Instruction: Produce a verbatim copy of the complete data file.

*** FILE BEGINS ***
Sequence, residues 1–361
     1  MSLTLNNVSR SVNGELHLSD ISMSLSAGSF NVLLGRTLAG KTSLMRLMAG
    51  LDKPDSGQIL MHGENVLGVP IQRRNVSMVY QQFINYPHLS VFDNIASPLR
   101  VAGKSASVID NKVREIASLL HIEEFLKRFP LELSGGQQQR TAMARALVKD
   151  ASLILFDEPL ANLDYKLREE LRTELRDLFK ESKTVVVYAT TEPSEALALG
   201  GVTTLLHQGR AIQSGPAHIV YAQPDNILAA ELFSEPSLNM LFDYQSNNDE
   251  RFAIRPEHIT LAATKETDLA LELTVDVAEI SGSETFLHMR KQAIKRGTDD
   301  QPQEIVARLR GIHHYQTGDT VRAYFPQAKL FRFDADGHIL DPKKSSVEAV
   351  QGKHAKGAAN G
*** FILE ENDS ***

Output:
Sequence, residues 1–361
     1  MSLTLNNVSR SVNGELHLSD ISMSLSAGSF NVLLGRTLAG KTSLMRLMAG
    51  LDKPDSGQIL MHGENVLGVP IQRRNVSMVY QQFINYPHLS VFDNIASPLR
   101  VAGKSASVID NKVREIASLL HIEEFLKRFP LELSGGQQQR TAMARALVKD
   151  ASLILFDEPL ANLDYKLREE LRTELRDLFK ESKTVVVYAT TEPSEALALG
   201  GVTTLLHQGR AIQSGPAHIV YAQPDNILAA ELFSEPSLNM LFDYQSNNDE
   251  RFAIRPEHIT LAATKETDLA LELTVDVAEI SGSETFLHMR KQAIKRGTDD
   301  QPQEIVARLR GIHHYQTGDT VRAYFPQAKL FRFDADGHIL DPKKSSVEAV
   351  QGKHAKGAAN G